STAMPED defines the seven major areas of information required to provide a quality hose assembly for the customer. The acronym stands for size, temperature, application, materials/media, pressure, end and delivery.
Size, I.D., length and O.D. constraints
The overall length should be specified to include fittings, and tolerances need to be specified if special requirements exist. To determine the replacement hose I.D., the layline printing on the size of the original hose must be identified. If the original hose layline is not available, the hose must be cut and measured in diameter from the inside.
The inside diameter must be able to keep pressure loss to a minimum, maintain adequate flow and avoid damage to the hose due to heat generation or excessive turbulence. The hose should be sized in accordance with the nomographic chart in the Hose Safety Institute Handbook v. 1.2. Length tolerances should also be considered for all types of hose assemblies. The flow rate, in conjunction with the inside diameter of the hose, will determine the fluid velocity through the hose. The hose supplier will recommend specific velocity ranges.
Continuous (average), minimum and maximum temperatures should be specified for both the environment and material. If flame resistance or flammability would be an issue, it should be noted.
When routing near hot manifolds, keep in mind that maximum assembly working pressures will decrease as temperatures increase. In extreme cases, a heat shield may be advisable.
Other things to consider are maximum intermittent ambient temperature, fluid temperature, ambient temperature, maximum temperature and sub-zero exposure.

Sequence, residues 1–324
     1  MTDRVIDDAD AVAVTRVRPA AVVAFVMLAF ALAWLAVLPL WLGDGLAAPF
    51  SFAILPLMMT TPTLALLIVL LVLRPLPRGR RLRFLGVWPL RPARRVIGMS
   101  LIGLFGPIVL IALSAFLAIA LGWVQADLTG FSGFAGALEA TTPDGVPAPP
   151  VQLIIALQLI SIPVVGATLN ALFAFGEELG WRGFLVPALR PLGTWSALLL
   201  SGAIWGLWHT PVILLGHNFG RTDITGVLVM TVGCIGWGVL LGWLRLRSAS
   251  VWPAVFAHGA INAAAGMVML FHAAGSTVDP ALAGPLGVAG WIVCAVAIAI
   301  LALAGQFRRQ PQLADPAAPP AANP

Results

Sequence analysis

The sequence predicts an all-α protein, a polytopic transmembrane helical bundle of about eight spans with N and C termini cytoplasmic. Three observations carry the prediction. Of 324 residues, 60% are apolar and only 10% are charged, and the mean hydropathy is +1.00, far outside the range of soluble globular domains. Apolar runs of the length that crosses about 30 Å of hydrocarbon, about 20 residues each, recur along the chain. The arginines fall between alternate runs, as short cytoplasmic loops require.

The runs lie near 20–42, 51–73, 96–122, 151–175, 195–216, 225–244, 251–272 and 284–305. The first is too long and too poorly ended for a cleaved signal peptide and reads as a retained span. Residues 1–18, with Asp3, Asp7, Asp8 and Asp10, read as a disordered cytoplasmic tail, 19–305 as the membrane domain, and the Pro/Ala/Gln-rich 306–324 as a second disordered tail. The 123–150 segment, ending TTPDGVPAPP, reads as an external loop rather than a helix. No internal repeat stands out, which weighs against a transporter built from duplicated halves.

Anticipated movements and geometry of use must be quantified, as well as intermittent or continuous service, indoor and outdoor use, unusual mechanical loads, excessive abrasion, electrical conductivity requirements, equipment type, external conditions, such as abrasion, oil, solvents, acid, ozone and salt water, and if the hose is currently in use.
If the hose is in use, the type of hose, service life being obtained, description of failure, source of customer dissatisfaction, strength, frequency of impulsing, pressure pikes, flexing and non-flexing applications, and vacuum requirements must be noted.
Special requirements for the hose tube, special specifications or agency requirements that need to be considered and whether the material will flow continuously or sit in the hose for long periods of time must be noted.
Media velocity and flow rate, the chemical and concentration, solids, description and size should also be noted. Some applications require specialized oils or chemicals to be conveyed through the system. Hose selection must assure compatibility of the hose materials and components, such as hose ends and O-rings, with the fluid being used.
Hose assembly working pressures must be equal to or greater than the system pressure. Pressure spikes greater than the maximum working pressure will shorten hose life. Temperature implications and vacuum considerations should also be noted.
The maximum operating pressure is the maximum pressure that the system should be exposed to in normal operating conditions. The hose and hose end should not be rated to a pressure less than the maximum operating pressure system. Frequent pressure spikes can reduce the life of hydraulic hose assemblies.
Style, type, orientation and attachment methods, among others, are included in this section. Uncoupled or coupled hoses, hoses with built-in fittings, end styles, materials and dimensions, and conductivity requirements should also be noted.
Deliveries are specific to customer requirements, testing requirements, certification requirements, special packaging and shipping requirements, tagging requirements and can also refer to determined overall length when working with metal hoses.
Filed Under: Hose Assembly Tips